Privacy in the modern era seems elusive. The media has been a-buzz lately with revelations about how organizations are writing their own rules. Google’s hand was forced by an impending class action lawsuit to announce that users of the popular Gmail service (and perhaps by extension all of Google’s services) had no “reasonable expectation of privacy”. Less recently, whistleblower Edward Snowden announced that the National Security Administration (NSA) was collecting data on a scale grander than anyone knew and the law probably permitted. Since the announcement, Snowden has been forced into exile and branded a traitor against his nation. There is much irony in that the NSA expected privacy as they completely violated the privacy of every internet user on Earth.
Users of Google’s services attempted to bring a class action lawsuit to court against the Silicon Valley giant. The case alleged that Google spied on the contents of their received mail to track them for targeted advertising programs. If someone’s mother sent them a recipe, they could expect to see advertisements for the ingredients as they went about surfing the web. The case was thrown out because judge ruled that the plaintiffs were not “cohesive enough” to merit a class action suit, but this example is not unique.
The buzz word of “big data” is gaining traction in the industry. Companies may be flirting with the line in the sand over privacy laws, but it makes them successful in their practices. Those who do not play the same game lose their competitive edge and fall behind, which must not be allowed to happen in today’s cut-throat economy. The result is an increasingly powerful data collection and analysis operation designed to make money for those who have access. A reasonable question one might ask is: “What is my government doing to protect my right to privacy in light of this?” The unbelievable answer is: “The government possess the most comprehensive and potent ‘big data’ operation yet.”
The National Security Administration has been in the spotlight recently for programs known as PRISM and XKeystroke. PRISM is a program which collects data as it travels through the backbone of the internet, which a majority of the world’s internet traffic does at some point. XKeystroke allows any analyst at the agency to sift the data and track one person across the globe and shift this “eye of Sauron” to any of their contacts. In practice, this means that anything you say or do on the internet is subject to search, seizure, and eventually be submitted at your trial. It is enough to cause a feeling of paranoia for the average internet user, and maybe even enough to justify it.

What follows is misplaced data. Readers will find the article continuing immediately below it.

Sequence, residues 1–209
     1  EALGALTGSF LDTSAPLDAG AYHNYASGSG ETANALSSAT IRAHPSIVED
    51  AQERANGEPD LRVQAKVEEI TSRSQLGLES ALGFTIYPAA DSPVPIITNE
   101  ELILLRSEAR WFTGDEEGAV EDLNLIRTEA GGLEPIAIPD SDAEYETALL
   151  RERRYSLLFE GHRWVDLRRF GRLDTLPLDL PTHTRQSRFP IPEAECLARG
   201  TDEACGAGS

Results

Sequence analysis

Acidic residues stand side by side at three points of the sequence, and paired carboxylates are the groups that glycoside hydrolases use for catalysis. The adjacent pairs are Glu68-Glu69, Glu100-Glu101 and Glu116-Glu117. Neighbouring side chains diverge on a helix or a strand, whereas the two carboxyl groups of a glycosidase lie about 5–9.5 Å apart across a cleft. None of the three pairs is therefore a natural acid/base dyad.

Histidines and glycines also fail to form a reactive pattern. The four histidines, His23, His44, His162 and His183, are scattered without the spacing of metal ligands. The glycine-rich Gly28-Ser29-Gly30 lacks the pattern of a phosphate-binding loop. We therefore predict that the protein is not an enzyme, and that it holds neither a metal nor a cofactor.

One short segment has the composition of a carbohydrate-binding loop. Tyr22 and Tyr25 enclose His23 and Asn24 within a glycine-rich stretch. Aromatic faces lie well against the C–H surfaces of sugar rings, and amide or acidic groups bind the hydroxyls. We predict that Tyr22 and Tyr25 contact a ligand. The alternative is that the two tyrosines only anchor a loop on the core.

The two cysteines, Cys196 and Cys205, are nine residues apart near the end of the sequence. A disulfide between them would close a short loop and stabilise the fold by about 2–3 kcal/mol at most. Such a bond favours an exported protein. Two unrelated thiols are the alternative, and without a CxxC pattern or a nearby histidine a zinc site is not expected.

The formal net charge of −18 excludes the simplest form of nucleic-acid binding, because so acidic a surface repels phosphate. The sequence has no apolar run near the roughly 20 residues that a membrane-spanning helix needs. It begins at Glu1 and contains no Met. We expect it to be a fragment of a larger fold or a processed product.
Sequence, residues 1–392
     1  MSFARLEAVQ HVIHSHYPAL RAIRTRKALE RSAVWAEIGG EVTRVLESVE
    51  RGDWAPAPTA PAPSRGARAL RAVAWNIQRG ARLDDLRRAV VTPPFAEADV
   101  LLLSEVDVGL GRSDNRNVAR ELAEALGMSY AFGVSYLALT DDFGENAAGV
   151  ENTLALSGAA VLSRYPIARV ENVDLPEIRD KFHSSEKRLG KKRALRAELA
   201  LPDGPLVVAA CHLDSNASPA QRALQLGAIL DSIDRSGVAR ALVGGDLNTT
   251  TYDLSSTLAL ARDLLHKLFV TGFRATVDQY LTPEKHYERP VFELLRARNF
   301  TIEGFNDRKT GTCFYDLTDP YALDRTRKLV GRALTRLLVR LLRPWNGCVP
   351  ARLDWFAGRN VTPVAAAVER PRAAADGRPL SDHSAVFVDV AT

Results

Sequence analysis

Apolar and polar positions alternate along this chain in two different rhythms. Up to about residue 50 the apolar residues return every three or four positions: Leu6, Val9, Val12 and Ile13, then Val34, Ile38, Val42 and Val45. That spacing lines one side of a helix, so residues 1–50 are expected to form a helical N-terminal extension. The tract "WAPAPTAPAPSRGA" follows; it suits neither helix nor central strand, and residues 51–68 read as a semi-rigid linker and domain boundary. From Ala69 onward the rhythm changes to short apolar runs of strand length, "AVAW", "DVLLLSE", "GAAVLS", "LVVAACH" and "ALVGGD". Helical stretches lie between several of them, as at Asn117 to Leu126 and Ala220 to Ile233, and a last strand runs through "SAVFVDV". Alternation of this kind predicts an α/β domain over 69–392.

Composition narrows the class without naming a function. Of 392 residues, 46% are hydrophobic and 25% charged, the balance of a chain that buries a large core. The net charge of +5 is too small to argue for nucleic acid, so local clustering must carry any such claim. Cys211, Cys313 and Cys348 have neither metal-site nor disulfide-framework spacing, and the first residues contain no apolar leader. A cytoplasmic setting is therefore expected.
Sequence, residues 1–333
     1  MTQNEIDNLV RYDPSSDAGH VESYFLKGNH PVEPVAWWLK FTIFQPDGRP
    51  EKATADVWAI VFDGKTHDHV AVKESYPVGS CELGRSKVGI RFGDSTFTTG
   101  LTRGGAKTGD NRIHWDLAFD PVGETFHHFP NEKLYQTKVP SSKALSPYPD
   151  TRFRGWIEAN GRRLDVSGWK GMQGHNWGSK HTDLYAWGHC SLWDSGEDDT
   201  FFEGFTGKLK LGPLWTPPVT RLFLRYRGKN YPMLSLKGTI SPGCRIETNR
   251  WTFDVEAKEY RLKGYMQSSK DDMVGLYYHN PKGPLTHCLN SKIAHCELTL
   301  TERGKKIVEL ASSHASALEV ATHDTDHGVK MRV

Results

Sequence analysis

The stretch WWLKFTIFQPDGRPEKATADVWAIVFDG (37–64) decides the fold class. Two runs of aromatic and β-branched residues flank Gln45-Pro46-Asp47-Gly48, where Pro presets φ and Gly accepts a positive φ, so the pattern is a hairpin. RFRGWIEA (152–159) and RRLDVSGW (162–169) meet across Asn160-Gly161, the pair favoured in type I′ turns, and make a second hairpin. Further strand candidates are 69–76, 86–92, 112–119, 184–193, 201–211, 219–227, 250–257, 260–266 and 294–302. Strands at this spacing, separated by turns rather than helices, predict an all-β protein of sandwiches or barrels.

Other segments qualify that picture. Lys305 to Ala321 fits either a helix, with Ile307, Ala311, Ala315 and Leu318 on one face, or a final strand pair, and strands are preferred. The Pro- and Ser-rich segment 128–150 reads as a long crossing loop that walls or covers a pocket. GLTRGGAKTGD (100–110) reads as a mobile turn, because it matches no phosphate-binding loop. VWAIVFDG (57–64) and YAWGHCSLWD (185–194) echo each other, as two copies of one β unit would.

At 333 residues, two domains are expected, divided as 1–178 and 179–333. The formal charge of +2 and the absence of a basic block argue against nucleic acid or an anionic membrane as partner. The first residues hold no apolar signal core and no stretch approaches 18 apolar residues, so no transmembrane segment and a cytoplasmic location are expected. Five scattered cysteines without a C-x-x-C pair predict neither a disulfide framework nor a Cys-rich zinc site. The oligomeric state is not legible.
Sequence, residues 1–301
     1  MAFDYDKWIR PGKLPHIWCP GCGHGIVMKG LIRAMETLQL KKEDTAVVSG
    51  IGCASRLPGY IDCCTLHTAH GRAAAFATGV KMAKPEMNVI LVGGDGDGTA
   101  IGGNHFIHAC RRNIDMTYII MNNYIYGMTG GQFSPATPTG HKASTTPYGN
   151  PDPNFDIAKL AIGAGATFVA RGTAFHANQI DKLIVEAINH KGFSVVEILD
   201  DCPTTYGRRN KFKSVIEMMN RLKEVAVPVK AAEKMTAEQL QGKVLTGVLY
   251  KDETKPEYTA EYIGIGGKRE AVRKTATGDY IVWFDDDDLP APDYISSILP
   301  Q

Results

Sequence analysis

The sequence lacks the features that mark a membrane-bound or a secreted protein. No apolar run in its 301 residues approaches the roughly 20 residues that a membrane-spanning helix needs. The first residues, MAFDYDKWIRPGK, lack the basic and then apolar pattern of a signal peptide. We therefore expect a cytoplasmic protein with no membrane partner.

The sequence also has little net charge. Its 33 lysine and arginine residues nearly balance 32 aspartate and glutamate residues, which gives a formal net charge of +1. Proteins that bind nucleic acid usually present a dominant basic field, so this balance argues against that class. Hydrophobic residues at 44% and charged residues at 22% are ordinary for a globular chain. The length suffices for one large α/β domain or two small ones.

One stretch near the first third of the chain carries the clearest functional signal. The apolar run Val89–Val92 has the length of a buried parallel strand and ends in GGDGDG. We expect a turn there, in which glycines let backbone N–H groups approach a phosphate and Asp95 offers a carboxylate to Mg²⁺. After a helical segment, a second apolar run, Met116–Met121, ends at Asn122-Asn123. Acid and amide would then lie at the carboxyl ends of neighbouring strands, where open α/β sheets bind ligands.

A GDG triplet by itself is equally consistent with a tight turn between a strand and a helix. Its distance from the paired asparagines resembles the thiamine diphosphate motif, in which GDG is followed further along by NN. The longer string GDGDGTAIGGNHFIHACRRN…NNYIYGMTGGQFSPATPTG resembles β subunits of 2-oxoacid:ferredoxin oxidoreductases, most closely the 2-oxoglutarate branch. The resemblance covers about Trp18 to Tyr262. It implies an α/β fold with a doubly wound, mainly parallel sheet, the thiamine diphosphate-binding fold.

So now the internet user has been reduced to a data point in some eyes and a suspect in others. How did this happen? And how can we reclaim our rights in the digital sphere? Well, it is true what they say: there is no such thing as a free lunch. I would argue that this was inevitable as we shifted the burden of hosting a high quality social networking and internet browsing experience to companies. As more and more of our responsibilities as internet users were shifted to the likes of Google and Facebook, they leveraged this trust to pay for their servers, staff, and a little more besides. It makes good business sense. No, internet user, the fault lies within. The internet was established by those who wanted to build something practical and exciting for themselves. After the concept was proven, others followed with the goal of making the web more accessible and aesthetically pleasing than a collection of shared text files. Now those others are stepping on those they had meant to help. Let’s take a lesson from those born into a world before the internet existed. We the users need to “get informed” and “vote with our wallets”, both of which can be done from the chair you are sitting in right now.
There is a movement growing around the world to separate from the indifferent powers that be; to return the internet to its roots of ground-up, do-it-yourself ethic. It manifests itself as crypto-currencies, as file sharing networks, as crowd-journalism, as open and free software consortiums, and even as decentralized social networks.
diaspora* is an organization dedicated to the (seemingly contrary) philosophies of open software and private communication. The idea is that a social network can be built from the ground up with users hosting their own “pods” on private servers. New users can either request to join an existing pod or download the software to setup a new pod. The data is shared between pods which creates the social network, but the hosting is left to the users themselves. Thus, there is no data-hosting middleman to sell your secrets. To make it even easier to join, diaspora* was built to be compatible with existing networks such as Facebook, Twitter, and Tumblr. Starting a pod of your own is both a great start to taking back your online privacy and the start of a great hobby in information technology.
As more lurid details come out about the business practices of conventional social networks, expect more of these decentralized social networks to come to the surface and grow in membership.